Mr. Paul S. Scharff & Ms. Polly G. Fraser Edward G. Scruggs Dr. & Mrs. George P. Sessions W. Griggs Shaefer, Jr.* Mr. & Mrs. Robert Shaw* Charles H. Siegel* Mr. & Mrs. H. Hamilton Smith Mrs. Lessie B. Smithgall Margo Sommers* Elliott Sopkin Elizabeth Morgan Spiegel Daniel D. Stanley* Peter James Stelling C. Mack* & Mary Rose Taylor Jed Thompson Steven R. Tunnell Mary E. Van Valkenburgh Mrs. Anise C. Wallace* Mr. & Mrs. John B. White, Jr. Richard S. White, Jr. Hubert H. Whitlow, Jr. Sue & Neil Williams Elin M. Winn* Joni Winston George & Camille Wright Mr.* & Mrs. Charles R. Yates Anonymous (12)


Talent Development program supporters Funds included: ASO Training Programs Fund as part of the ASO Learning Community Fund, The Azira G. Hill Scholarship Endowment Fund, & TDP Endowment Campaign


Bank of America The Coca Cola Company John H. & Wilhelmina D. Harland Foundation* Mr. & Mrs. Jesse Hill , Jr.* Monica (Kaufman) Pearson & John E. Pearson, Sr.* Margaret & Bob Reiser* Jay & Arthur Richardson*


AGL Resources* Edith H. & James E. Bostic, Jr. Family Foundation* Marcia & John Donnell* Cree & Frazer Durrett* The Goizueta Foundation The Sartain Lanier Family Foundation, Inc.* The Pittulloch Foundation* John C. Portman, Jr.* Simmons Family Foundation* Mr. & Mrs. Robert A. Yellowlees*


Mr. & Mrs. Henry Aaron* Elinor Rosenberg Breman** Cynthia & Donald Carson* Georgia-Pacific Corporation Mr. & Mrs. Charles B. Ginden* Mr. & Mrs. David Gould Mrs. Mary C. Gramling* Lincoln Financial Foundation Links Inc., Azalea City Chapter Mr. Kenneth & Dr. Carolyn Meltzer Margo Brinton & Eldon Park* Mr. & Mrs. Thomas L. Sullivan* Isaiah & Hellena Huntley Tidwell* The Frances Wood Wilson Foundation, Inc.* Ms. Joni Winston*


Madeline & Howell E. Adams, Jr.* Claire & Hubie Brown Dr. Eric & Nancy Brown*

Dr. Sheri D. Campbell* Sharon, Lindsay & Gordon Fisher Dr. John O. Gaston & Dr. Gloria S. Gaston* Mr. & Mrs. Ernest Greer* The Honorable Judge Glenda Hatchett* Ms. Joy G. Howard Aaron & Joyce Johnson* Mr. & Mrs. William Lamar, Jr.* Ms. Malinda C. Logan* Mr. & Mrs. Howatt E. Mallinson* Dr. Emily A. Massey* Dr. Joanne R. Nurss* Dr. & Mrs. Travis Paige* Mr. & Mrs. Howard Palefsky* Ms. Margaret H. Petersen Ms. Elise T. Phillips Erich & Suzette Randolph* Mr. Herman J. Russell, Sr. Michael & Lovette Russell Stephanie & H. Jerome Russell*

Suzanne & Willard Shull* Mr. & Mrs. Michael A. Troy Mr. & Mrs. Mark D. Wasserman* Mr. Mack Wilbourne*

Special gifts

The Arthur M. Blank Family Foundation GE Energy The Green Foundation William Randolph Hearst Foundations MetLife Music for Life Initiative Nordstrom The UPS Foundation Woodruff Arts Centerâ&#x20AC;&#x2122;s Celebrate Diversity through the Arts The Zeist Foundation * Those that have contributed recently to the TDP Endowment Campaign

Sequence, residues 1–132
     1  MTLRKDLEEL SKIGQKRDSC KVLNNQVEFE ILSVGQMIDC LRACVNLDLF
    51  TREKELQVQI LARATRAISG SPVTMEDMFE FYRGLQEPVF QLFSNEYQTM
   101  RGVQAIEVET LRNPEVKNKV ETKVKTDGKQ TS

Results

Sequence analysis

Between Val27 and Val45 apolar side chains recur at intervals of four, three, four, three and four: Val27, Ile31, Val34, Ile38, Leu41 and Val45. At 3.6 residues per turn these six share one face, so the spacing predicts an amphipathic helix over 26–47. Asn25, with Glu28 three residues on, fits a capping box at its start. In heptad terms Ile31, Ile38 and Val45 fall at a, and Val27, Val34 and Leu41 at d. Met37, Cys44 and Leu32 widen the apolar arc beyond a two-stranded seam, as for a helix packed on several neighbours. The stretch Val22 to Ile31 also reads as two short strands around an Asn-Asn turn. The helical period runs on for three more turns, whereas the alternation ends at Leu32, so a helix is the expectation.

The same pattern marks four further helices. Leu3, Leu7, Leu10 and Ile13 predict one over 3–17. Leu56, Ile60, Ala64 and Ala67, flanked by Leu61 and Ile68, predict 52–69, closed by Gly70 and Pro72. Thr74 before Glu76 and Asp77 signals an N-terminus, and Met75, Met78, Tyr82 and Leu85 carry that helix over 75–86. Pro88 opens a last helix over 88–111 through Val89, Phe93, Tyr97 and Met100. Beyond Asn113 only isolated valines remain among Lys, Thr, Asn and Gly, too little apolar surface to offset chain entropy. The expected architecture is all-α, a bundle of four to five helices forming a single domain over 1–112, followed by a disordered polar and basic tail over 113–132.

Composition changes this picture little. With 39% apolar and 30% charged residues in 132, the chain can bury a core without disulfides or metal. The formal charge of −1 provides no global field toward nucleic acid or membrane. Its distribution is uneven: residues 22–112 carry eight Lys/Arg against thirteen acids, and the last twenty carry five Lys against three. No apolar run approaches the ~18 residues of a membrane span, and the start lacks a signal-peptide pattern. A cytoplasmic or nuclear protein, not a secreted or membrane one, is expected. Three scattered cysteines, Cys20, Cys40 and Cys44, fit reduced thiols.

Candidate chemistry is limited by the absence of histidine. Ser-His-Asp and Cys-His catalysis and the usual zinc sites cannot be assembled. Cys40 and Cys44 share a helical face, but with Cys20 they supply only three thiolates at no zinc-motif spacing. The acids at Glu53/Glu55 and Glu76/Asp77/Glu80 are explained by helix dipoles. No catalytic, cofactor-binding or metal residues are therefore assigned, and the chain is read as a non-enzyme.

**Scholarships for Atlanta Symphony Youth Orchestra tuition are made possible through the Elinor Rosenberg Breman Fellowship.

Atlantaâ&#x20AC;&#x2122;s Performing Arts Publication 33

ASOsupport The volunteer organization of the Atlanta Symphony Orchestra 2008-2009 Board Kathleen (Suzy) Wasserman President Leslie Petter Advisor Judy Schmidt Parliamentarian Alison Mimms Secretary

Belinda Massafra Treasurer Joanne Lincoln Historian Gail Spurlock Nominating Chair Elba McCue VP Adminstration Honey Corbin VP Public Relations

Liz Troy VP Membership Martha Perrow Decorators’ Show House & Gardens Chair Sylvia Davidson VP Youth Education Yetty Arp & Deede Stephenson ASA Fall Meeting

Belinda Massafra Nominating Chair April Conaway & Annie York Trujillo ASA Night at the Symphony Janis Eckert ASA Spring Luncheon Camille Kesler Newsletter Editor

Ann Levin Directory Editor Nancy Levitt Ambassador’s Desk Camille Yow & Leslie Petter Annual Fund Mary Francis Early Outreach

Events 2008 Decorators’ Show House & Gardens Diamond Atlanta Homes & Lifestyles Magazine

Ticket Sponsor The Epicurean Springer Mountain Farms Jim Ellis Audi Atlanta

Gold Atlanta Metro Publishing Platinum Benjamin Moore & Co. Jackson Spalding Boxwoods Gardens Opening Night Party & Gifts Comcast Merrel Hattink with Dorsey Alston Realtors

Silver Arborguard Tree Specialists Bombardier Flexjet Publix Super Markets Charities

Siemens Energy & Automation Bronze Buckhead Coach Commercial Audio Systems Designer Previews Flora by John Grady Burns

Kaufmann Tire Parc at Buckhead Phipps Plaza Preprint Reece Tent Rental, LLC Swoozie’s We Rent Atlanta

2008 Atlanta Symphony Ball corporate Sponsors Phoenix Delta Air Lines Platinum Invesco Coca-Cola Company Diamond Mednikow Jewelers Gold Beacham & Company, Realtors A Legendary Event UPS Silver AGL Resources AirTran Airways Alston & Bird LLP AT&T Georgia Caren West PR Cayo Espanto Island Resort

special contributors

BenefactorS Mr. & Mrs. Ronald Antinori Lisa & Joe Bankoff GOLD Jan & Gus Bennett Stephanie & Arthur Blank Chris & Merry Carlos Cynthia & Donald Carson Silver Mr. & Mrs. Paul J. Blackney Shannon & Phillip Cave Michelle & David Crosland Monica & John S. Mr. & Mrs. Jere A. Pearson, Sr. Bronze Drummond Ms. Joni Winston Adorno & Yoss Mary D. Gellerstedt Buckingham Portraits Bronze Frannie & Bill Graves Flat Creek Lodge Jesse & Azira G. Hill Dr. & Mrs. Alexander Gross King & Spalding LLP Gail & Loren Starr Veronique Krafft-Jones Magick Lantern Patty & Doug Reid & Baxter Jones Printpack, Inc. & Mr. & Mrs. Manuel The Gay & Erskine Hosts Kaloyannides Love Foundation Victoria & Howard Jeff Mango The Ranches at Belt Creek Palefsky Lawrence E. Mock, Jr. William & Judith Vogel The Yachts of Seabourn Susan Bell & Patrick Morris Media sponsor The Atlantan Cisco Neiman Marcus Siemens Energy & Automation Southern Company Sutherland Turner Broadcasting System, Inc.